On Sunday, the conditions improved drastically, and peoples' spirits were lifted along with the temperatures. If you haven't played Rose Valley, there are a few things that you should know about it. The design that we are striving for is meant to be a complement to the other amazing courses that exist on PEI, including Hillcrest, Huck It, and Kings Pine II. Rose Valley starts and finishes in a wide open, elevated field with a wide (but hard to hit) fairway that is surrounded by hazard. It is also one of the highest points on PEI, meaning that the wind is always a factor. Hole 2 is an island that plays almost directly into a headwind. It averaged 2.5 strokes over par for the weekend. It was brutal and amazing all at the same time. Hole 5 was featured at last year's Canadian Nationals, and it requires a small gap hit at the top of the hill before descending down a few hundred feet in an open field, only to return to a heavily wooded fairway. Holes 10, 11, and 12 are the "signature stretch" where precision, shot shaping, and power are all blended together. Any of these holes can produce a birdie or a triple bogie. They are insanely tough, but ultimately fair. Completing each one of them is an accomplishment in itself.
Hole 18 deserves its own paragraph (maybe even two). To begin, the entire course was built around the idea of hole 18. From the Blue tees, it is 847 feet. For this weekend, with the impending weather, we played it as a par 5, but for the pro tour, it will be a par 4. From the tee, the fairway is about 240 feet wide with hazard on both sides. Roughly 480 feet (downhill) is an OB line. From the OB line to the start of the green it is a roughly 280 foot carry to the shortest possible spot. In most places, the carry is well over 300. If a player goes into the OB section, they must proceed to the drop zone, which is 401 feet to the pin or 321 feet to the OB line. Miss again, and players go to a drop zone that is 60 feet from the basket. It is also the last hole you played in the day, which means you have been outside competing in these conditions for at least 6 hours and are mentally and physically drained. The hole averaged almost 3 strokes over par. What was truly remarkable about the hole was it played exactly as intended: there were 3's and there were 13's, with pretty much every score in between being carded as well. Smart shots might still be punished, wind bumps might help our hurt you, a disc that missed by only inches might cost you 5 strokes. It was demoralizing, rewarding, cruel, and just. It was our most incredible finishing hole we have ever created and if you like it or hate it, you are right and we agree with you.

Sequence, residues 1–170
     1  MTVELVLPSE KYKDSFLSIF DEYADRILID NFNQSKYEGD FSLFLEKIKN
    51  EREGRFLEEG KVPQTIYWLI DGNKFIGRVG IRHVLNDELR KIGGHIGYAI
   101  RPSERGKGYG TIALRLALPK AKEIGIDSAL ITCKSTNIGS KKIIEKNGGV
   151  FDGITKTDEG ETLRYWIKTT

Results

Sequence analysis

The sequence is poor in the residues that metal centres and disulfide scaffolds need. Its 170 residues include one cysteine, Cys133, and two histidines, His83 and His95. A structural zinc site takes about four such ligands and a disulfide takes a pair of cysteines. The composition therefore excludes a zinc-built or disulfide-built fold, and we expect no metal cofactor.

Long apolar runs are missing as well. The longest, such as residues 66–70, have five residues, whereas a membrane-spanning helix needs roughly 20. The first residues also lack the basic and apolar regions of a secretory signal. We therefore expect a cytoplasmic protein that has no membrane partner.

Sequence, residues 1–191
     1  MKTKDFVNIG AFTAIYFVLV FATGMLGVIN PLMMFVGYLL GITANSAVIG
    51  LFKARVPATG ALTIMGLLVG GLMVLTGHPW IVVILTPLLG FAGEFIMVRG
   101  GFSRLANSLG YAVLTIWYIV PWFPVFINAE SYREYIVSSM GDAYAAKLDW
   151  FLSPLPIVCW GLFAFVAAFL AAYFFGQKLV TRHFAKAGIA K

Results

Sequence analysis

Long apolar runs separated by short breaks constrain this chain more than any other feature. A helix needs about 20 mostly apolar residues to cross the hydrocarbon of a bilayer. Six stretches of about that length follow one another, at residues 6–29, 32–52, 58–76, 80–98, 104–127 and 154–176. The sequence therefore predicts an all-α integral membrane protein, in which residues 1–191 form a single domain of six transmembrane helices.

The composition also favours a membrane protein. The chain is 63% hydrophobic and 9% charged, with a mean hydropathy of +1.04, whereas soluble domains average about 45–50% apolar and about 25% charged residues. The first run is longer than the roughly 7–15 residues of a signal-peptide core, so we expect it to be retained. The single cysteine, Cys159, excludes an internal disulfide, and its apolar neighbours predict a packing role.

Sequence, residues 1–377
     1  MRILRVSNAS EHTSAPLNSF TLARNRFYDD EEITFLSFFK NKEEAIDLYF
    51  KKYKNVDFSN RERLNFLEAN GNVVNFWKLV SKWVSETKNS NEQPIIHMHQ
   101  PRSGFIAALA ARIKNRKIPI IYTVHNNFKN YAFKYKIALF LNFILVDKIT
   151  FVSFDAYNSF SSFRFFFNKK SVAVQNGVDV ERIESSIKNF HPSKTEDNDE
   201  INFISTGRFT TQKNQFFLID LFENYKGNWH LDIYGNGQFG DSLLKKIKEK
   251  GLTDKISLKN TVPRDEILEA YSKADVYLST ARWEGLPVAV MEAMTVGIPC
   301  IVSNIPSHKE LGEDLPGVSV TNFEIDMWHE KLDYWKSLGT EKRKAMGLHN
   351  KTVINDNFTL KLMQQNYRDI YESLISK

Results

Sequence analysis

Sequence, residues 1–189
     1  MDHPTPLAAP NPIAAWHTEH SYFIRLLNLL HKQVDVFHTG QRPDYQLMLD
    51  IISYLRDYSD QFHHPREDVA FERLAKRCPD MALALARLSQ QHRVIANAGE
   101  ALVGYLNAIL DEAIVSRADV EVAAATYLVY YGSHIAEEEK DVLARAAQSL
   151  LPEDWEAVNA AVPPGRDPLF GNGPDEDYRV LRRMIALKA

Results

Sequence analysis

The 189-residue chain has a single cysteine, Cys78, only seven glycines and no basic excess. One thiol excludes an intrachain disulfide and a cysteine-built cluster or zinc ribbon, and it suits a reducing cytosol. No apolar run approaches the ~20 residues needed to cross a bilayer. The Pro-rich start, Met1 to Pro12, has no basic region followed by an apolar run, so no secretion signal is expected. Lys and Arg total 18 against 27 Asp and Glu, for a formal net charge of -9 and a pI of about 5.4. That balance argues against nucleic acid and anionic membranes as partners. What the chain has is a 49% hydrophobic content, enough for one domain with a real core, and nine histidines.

Our vision for the FlickLine tour stops is to challenge a different part of your game on every event. We want the tour winner to have had to overcome all sorts of challenges from short and technical courses to long bomber ones, with the understanding that the weather conditions are a part of that. On the eve of the event, we had to make some minor changes to the layouts for half of the field. We dropped the hazard on hole 18 for the groups playing from the short tees to help with the mental grind and to make it maybe a little bit more fun. We think it was the right call. From a layout standpoint, we are trying really hard to have 3 distinct layouts on our tournament courses so that each division and their skillsets are challenged to the same decision making process. We want birdies to be attainable but earned, and pars to be the result of solid throws on any hole. We hear the feedback and always enjoy discussing it to make it better on the next event. In our world, we believe you can either win or learn. If we do at least one of those things on every event, we never actually lose. Lessons were indeed learned this weekend.